The report will help businesses act on the very real and urgent need to better protect biodiversity and nature.

Travel & Tourism businesses are uniquely placed to take positive actions to restore nature and, through nature-based solutions and decarbonisation, achieve Net Zero.

With nature tourism representing 20% of global tourism, the report shows just how crucial nature is for destinations around the world.

Wildlife, a primary motivator for nature tourism, contributes U.S.$343 billion to the global economy every year, and supports nearly 22 million jobs around the world.

Julia Simpson, WTTC President & CEO, said: “Human activity has resulted in a devastating loss of natural habitat and biodiversity, with one in four species now facing extinction.

“Travel & Tourism is uniquely placed to make a real difference. 80% of Travel & Tourism is highly dependent on nature so it is crucial we take a proactive role in advancing nature conservation.

“Our report comes ahead of COP15, when governments will be creating targets to protect habitats, species, and the natural environment which in turn reduces carbon. Travel & Tourism is on the front line. We are all custodians of nature.”

Biodiversity is also intricately tied to other critical issues, such as climate change and emerging diseases, with the potential impact of the latter so starkly demonstrated by the COVID-19 pandemic.

Addressing the loss of biodiversity is not only crucial for the sector and its resilience, but also for the global economy and society.

Daniel Turner, ANIMONDIAL Co-Founder & Director, said: “Most Travel & Tourism businesses we talk to already understand the needs to include the protection of biodiversity and nature in their planning and reporting. But this can be a complicated area, and for many, the first challenge is simply knowing where to start.

“The report will inform, inspire, and empower Travel & Tourism to better manage their impacts and play a leading role in building a global Nature Positive future to help build a better world.

“ANIMONDIAL commends WTTC for this opportunity to help tourism businesses with their first steps, as well as the rest of their Nature Positive Tourism journey.”

Elizabeth Maruma Mrema, United Nations Convention on Biological Diversity Executive Secretary, said: “Much of the Travel & Tourism sector relies on the beauty of nature and the resources it provides. Yet, we are losing biodiversity and natural resources at an unprecedented rate.

“Travel & Tourism is in a unique position to contribute to this reversal by implementing a number of measures such as educating and raising awareness; generating revenue streams that sustain the protection, management, and restoration of ecosystems; and reducing footprint activities, amongst others.”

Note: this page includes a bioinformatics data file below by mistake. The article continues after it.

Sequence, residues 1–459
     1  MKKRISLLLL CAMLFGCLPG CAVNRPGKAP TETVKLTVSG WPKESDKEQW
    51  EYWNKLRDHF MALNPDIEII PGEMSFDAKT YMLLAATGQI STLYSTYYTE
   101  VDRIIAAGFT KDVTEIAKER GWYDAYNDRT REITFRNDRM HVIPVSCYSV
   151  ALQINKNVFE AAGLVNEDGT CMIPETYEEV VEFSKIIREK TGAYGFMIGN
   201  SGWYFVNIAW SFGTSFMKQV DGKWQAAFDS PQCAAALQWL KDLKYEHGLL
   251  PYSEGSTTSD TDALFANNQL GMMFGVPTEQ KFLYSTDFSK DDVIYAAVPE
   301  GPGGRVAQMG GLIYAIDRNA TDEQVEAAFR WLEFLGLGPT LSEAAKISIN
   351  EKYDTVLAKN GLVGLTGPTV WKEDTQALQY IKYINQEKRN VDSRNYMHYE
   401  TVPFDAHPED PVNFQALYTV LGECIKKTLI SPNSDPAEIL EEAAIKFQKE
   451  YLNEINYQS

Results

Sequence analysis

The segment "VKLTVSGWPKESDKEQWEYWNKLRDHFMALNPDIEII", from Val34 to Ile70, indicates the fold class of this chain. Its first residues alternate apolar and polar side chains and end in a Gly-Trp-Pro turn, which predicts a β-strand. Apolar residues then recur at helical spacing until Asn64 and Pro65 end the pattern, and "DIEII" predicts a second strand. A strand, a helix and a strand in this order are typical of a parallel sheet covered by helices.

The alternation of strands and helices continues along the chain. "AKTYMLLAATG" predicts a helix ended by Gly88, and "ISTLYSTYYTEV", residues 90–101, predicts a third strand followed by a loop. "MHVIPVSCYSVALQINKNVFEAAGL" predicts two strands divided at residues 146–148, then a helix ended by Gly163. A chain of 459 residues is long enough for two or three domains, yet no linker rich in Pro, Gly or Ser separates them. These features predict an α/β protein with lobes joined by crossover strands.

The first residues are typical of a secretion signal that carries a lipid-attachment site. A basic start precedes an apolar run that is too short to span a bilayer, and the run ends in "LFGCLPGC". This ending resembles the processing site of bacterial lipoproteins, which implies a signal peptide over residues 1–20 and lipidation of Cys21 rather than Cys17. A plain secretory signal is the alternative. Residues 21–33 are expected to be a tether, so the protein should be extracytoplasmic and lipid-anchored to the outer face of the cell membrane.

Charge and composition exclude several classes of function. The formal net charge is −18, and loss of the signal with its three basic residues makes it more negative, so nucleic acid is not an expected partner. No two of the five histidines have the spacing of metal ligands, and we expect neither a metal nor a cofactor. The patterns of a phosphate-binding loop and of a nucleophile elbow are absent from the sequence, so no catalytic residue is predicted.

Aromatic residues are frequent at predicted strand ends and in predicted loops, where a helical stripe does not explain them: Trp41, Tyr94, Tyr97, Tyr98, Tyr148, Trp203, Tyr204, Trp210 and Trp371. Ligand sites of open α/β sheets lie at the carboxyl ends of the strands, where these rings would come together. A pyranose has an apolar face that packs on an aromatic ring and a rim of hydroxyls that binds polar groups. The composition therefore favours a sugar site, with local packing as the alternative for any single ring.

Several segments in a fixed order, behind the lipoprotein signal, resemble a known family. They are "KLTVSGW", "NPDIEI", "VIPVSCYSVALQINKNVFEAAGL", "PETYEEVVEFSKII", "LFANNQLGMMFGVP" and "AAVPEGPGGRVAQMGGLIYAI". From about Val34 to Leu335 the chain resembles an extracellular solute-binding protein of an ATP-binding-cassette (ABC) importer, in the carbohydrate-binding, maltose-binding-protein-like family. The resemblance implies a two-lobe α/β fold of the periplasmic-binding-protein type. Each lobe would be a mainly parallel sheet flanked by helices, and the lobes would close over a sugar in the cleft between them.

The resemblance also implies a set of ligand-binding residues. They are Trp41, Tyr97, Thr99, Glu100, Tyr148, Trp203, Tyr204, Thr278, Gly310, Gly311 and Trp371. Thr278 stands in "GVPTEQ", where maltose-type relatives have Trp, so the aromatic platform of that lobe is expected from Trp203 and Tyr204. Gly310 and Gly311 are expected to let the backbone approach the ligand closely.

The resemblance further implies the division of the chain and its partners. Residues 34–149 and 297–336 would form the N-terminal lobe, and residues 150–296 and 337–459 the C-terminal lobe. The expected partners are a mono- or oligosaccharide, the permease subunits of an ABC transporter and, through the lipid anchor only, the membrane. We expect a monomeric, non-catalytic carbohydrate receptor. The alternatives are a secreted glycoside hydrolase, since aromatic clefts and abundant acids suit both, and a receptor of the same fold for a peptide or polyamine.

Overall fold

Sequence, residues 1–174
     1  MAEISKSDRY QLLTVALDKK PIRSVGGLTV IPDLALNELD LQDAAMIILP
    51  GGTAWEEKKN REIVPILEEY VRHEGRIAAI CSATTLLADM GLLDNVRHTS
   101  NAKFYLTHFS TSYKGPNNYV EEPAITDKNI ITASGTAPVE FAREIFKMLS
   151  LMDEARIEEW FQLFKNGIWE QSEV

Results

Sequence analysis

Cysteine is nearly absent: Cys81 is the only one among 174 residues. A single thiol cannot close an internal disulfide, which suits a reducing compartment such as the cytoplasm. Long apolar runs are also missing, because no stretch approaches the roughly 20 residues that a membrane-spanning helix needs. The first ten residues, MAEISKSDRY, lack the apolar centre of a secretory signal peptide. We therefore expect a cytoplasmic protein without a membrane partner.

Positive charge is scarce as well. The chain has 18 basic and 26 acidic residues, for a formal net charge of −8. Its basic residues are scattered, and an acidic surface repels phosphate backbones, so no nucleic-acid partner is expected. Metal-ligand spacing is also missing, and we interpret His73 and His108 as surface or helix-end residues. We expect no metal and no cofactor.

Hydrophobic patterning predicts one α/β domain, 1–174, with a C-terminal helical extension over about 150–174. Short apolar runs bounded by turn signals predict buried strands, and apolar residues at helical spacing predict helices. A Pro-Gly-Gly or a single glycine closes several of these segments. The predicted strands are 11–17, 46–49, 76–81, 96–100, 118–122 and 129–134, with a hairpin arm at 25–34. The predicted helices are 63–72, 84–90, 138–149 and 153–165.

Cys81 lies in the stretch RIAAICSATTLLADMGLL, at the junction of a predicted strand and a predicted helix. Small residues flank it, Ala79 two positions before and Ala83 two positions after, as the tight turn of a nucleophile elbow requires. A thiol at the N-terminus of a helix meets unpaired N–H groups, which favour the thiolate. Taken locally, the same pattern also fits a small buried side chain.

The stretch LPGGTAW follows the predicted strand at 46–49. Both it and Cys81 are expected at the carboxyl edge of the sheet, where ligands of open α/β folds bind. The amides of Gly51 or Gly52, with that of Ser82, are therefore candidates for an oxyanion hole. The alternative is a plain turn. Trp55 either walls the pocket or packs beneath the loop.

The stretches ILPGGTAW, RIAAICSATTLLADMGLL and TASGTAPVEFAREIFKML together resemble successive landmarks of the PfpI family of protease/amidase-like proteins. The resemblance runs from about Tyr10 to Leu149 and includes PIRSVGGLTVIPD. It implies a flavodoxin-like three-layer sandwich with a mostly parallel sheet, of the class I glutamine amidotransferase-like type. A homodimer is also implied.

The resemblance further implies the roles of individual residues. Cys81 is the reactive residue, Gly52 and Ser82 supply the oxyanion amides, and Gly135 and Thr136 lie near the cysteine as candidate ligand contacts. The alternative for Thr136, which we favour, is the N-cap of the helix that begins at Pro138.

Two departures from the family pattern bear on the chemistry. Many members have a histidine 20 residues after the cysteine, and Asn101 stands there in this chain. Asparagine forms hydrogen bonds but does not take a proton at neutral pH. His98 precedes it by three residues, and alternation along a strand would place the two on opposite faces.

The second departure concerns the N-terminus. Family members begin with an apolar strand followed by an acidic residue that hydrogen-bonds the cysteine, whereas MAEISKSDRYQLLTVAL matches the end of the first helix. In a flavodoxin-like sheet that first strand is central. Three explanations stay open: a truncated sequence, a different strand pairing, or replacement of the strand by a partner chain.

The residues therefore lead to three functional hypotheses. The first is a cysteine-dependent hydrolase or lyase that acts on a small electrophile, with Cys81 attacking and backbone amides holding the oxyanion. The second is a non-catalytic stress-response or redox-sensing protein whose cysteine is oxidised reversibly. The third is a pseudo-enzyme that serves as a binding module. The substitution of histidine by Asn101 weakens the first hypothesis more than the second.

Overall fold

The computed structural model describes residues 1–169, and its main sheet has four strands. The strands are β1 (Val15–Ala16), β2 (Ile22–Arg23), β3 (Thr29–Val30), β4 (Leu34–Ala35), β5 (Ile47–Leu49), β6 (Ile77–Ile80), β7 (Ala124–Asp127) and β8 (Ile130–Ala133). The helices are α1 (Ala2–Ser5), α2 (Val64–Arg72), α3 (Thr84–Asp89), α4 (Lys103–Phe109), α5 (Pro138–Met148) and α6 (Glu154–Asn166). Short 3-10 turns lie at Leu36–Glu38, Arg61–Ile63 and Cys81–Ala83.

Although global Travel & Tourism values nature and remains committed to protecting people and planet, WTTC believes more guidance is needed on the importance of biodiversity, the key drivers of biodiversity loss, and the key components to better protect and restore it.

To tackle this, the report offers a roadmap based on a four-phase framework with practical steps to guide the sector in adopting a Nature Positive approach: assessing operational impact, setting out a strategy, identifying essential actions, rolling out and reviewing the programme, and harnessing communication opportunities.

The report also offers four actions businesses can achieve in the short term: reconnecting people and nature, supporting sustainable value chains, protecting animals and their welfare, and investing in nature.

Both the private and public sectors have different roles to play. But meaningful change can and will only be achieved if the two work together to better protect animals and nature.

To read the report in full, please click here.

First published at TravelNewsHub.com – Global Travel News

UNWTO Supports the Promotion of Tourism in Tenerife

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UNWTO Supports the Promotion of Tourism in Tenerife - TRAVELINDEX - TOURISMSPAINSanta Cruz de Tenerife, Canary Islands, Spain, September 22, 2022 / TRAVELINDEX / UNWTO has welcomed a delegation from Turismo de Tenerife (SPET) to draft a roadmap for future collaborations.

One of the Canary Islands, Tenerife is one of Europe’s most popular destinations, welcoming 2.7 million tourists in 2021 alone. The destination has significant touristic potential, and it is aiming to develop its sector in line with the values and priorities of UNWTO.

The official visit of Affiliate Member SPET to the UNWTO headquarters provided an opportunity to clarify the benefits of resources already available to the Affiliate Members, network and discuss institutional cooperation in the preparation of events.

Tenerife is one of Europe’s most popular destinations, welcoming 2.7 million tourists in 2021 alone

Among the topics discussed, Turismo de Tenerife presented its plans for “Global Summit Turismo” scheduled for 2024, while UNWTO presented the initiative “Best Tourism Villages” recognizing outstanding examples of rural tourism destinations with recognized cultural and natural assets, preserving and promoting community-based values, products and lifestyle in order to encourage the participation of Tenerife.

Tenerife offers a wide variety of attractions ranging from sports tourism, including hiking, climbing, biking routes and surfing, to astrotourism and gastrotourism.

About SPET – TURISMO DE TENERIFE

SPET – TURISMO DE TENERIFE dedicates its main activity to the realization of actions for the promotion of tourism on the island of Tenerife. Thus, it works in three areas within the island, which pursue the increase of our quality, competitiveness, and sustainability as a tourist destination. We coordinate improvement works with other entities and institutions, we dynamize areas of strategic interest that have reached periods of maturity, and we work in the creation and dynamization of tourist products in accordance with our potential and with the demand of our clients.

First published at TravelNewsHub.com – Global Travel News